In this paper I am going to analyze and comment an article written by James Hunter. My starting point will be a summary about the text in which I have been working. Next I will contextualize the topic which is “Small Talk”. Then, I will analyze different problematic issues raised in the text in which I propose proposals for solving the problems posed. Finally, I will reflect about the strengths and weaknesses of some points about this article changing some aspects of the author's proposal.
The author of this article stakes out a clear and insightful position on this educational issue and follows the specific instructions by presenting reasons to support that position. The article cogently argues that a corrective feedback can make learners reluctant to speak but it is necessary for developing fluency, accuracy and complexity . We need to develop a real speaking skill in our students. However, we can find problems that have been developed because of the usage of methodologies with very limited linguistic resources like, for example, CTL (Communicative Language Teaching) because they aren't based in a real teaching and content. Actually we have to call for more creative speaking and thinking, not less.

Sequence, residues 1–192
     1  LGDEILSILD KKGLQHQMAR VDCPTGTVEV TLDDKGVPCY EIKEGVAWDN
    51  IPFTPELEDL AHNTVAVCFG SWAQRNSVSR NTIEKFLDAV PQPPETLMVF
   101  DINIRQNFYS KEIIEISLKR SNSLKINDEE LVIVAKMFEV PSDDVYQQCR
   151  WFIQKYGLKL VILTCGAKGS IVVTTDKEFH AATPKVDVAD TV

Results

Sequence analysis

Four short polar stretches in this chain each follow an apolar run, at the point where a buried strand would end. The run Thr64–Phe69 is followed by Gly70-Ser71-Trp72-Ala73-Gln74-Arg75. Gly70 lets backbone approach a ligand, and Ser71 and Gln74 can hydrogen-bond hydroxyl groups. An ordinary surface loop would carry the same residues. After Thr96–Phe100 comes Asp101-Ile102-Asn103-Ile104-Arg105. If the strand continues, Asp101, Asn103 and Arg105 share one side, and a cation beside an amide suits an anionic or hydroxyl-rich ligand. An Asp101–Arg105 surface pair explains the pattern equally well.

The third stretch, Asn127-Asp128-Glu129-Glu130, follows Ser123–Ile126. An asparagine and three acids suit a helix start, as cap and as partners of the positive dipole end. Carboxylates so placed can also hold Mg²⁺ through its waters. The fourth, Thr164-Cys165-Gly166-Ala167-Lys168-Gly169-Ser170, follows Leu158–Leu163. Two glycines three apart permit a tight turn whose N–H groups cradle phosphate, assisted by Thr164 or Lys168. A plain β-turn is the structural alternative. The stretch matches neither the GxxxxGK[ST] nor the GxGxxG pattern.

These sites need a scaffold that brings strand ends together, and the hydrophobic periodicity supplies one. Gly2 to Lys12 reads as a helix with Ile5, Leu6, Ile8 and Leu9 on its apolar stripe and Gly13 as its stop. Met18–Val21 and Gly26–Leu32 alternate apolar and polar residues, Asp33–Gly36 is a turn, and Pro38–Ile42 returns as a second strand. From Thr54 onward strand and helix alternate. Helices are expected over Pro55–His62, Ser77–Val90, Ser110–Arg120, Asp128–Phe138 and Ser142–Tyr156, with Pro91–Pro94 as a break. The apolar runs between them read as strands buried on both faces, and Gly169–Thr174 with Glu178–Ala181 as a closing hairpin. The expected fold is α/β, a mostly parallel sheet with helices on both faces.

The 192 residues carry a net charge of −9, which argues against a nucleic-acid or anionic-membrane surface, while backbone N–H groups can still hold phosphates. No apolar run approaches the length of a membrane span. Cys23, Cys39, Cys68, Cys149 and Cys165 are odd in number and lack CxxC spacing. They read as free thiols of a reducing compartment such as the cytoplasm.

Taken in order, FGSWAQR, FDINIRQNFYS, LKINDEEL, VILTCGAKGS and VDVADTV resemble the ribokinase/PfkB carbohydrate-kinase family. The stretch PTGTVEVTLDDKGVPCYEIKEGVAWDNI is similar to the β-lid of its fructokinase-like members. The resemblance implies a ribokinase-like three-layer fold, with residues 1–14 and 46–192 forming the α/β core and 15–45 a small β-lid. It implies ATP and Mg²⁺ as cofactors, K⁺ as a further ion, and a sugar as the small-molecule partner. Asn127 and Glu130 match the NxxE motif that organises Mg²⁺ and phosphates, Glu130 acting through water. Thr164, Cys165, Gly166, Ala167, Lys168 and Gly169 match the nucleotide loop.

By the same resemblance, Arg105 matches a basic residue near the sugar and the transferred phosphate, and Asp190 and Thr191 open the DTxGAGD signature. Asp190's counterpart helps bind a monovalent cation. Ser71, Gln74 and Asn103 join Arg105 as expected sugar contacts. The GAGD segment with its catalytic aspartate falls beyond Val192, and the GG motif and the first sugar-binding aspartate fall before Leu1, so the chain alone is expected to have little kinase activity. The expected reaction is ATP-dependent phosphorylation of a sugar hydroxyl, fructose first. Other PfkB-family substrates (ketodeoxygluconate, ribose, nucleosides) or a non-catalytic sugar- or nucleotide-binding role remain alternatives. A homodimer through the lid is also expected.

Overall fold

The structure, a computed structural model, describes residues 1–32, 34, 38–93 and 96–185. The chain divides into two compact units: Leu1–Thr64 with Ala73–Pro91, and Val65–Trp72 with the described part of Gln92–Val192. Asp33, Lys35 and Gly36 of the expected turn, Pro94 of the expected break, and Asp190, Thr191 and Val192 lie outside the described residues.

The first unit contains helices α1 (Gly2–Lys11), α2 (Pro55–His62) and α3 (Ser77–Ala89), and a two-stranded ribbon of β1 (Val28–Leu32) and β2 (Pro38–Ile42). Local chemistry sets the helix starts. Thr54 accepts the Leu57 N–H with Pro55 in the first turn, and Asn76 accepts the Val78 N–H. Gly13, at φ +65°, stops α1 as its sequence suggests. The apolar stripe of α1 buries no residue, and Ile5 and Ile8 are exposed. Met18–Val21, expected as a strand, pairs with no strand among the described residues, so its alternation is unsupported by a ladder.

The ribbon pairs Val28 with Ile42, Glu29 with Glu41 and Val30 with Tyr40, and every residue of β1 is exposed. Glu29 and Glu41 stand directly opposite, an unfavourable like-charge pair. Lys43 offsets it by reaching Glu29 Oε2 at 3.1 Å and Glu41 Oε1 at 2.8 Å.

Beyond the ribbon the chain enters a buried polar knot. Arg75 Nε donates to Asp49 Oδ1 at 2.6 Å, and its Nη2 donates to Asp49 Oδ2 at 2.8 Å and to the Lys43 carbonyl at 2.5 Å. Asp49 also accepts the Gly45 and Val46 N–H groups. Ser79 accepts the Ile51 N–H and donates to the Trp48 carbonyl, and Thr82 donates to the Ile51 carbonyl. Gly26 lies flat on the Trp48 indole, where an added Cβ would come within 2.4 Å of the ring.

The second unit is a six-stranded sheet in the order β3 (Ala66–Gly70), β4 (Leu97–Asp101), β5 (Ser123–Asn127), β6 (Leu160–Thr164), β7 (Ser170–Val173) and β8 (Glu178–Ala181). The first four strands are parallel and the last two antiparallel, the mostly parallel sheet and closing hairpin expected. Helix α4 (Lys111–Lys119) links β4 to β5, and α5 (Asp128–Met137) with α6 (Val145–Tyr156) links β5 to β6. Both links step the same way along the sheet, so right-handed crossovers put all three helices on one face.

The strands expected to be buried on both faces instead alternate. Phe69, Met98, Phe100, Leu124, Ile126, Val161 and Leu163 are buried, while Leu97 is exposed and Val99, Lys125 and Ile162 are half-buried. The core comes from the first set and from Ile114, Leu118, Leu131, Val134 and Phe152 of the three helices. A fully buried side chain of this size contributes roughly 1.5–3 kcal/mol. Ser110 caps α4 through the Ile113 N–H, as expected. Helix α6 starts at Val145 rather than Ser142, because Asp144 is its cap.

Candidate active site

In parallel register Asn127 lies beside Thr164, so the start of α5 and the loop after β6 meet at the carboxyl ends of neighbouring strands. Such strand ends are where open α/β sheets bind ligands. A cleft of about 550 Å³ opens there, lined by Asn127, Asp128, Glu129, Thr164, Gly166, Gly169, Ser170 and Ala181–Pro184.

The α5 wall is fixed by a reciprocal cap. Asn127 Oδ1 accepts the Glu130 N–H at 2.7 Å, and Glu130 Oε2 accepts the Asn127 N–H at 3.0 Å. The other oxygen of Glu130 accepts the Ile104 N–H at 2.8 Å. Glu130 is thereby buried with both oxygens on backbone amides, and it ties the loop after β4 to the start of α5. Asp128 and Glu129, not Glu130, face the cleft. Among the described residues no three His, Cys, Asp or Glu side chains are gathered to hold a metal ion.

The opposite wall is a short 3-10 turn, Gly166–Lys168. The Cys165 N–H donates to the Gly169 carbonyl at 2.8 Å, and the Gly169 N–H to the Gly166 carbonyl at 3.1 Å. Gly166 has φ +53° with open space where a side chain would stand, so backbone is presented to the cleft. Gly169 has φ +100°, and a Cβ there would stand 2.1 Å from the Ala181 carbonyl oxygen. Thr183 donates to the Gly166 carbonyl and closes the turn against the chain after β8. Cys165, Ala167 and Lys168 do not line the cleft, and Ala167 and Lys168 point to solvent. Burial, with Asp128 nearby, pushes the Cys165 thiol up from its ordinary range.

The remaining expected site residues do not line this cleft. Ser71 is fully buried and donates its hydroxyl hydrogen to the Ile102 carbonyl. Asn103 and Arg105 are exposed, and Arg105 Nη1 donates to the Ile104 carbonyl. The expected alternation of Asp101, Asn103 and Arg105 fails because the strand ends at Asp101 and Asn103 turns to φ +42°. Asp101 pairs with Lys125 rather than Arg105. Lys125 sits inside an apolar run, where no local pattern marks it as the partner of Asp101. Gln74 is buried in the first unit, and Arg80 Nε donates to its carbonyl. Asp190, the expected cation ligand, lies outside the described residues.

In further examples, the article shows how “small talk” allows for the linking of ideas that may never have been connected pushing students to think in new ways. This method opens pathways of thinking that were previously closed off to the speaking skill. With increased interdisciplinary interactions, we should use this method to make the speaking would be more related to the real world. For all that, Hunter proposes "small talk" as a methodology which develops language fluency and accuracy language allowing the teacher to give corrective feedbacks.
Accuracy, complexity, fluency, speaking, corrective feedback (CF), recasts, and syllabus.
Let’s begin about knowing what small talk is; we can say that it is a conversation for its own sake. To put this in an educational perspective means a comprehensive approach which develops accuracy, fluency and complexity in oral production. How did this come about? It was initially studied in 1923 by Bronislaw Lalinowski, however it began as an experiment in learner-centred over 20 years ago which pretended developing the oral communication. Nowadays this methodology has been introduced into the classroom so, in a “Small Talk” class, pupils improve their speaking skill in a conversation without intervention by the teacher, and then receive feedback.
Small talk can be divided into 6 steps:
1. The day before, the leader (who is responsible for choosing the topic, providing questions, vocabulary, grouping the class, etc.) announces the topic to their mates.
2. At the beginning, the leader writes on the board the questions and vocabulary and grouping the class.
3. Groups begin to discuss the theme.
4. Groups share what they are speaking about with the rest of the...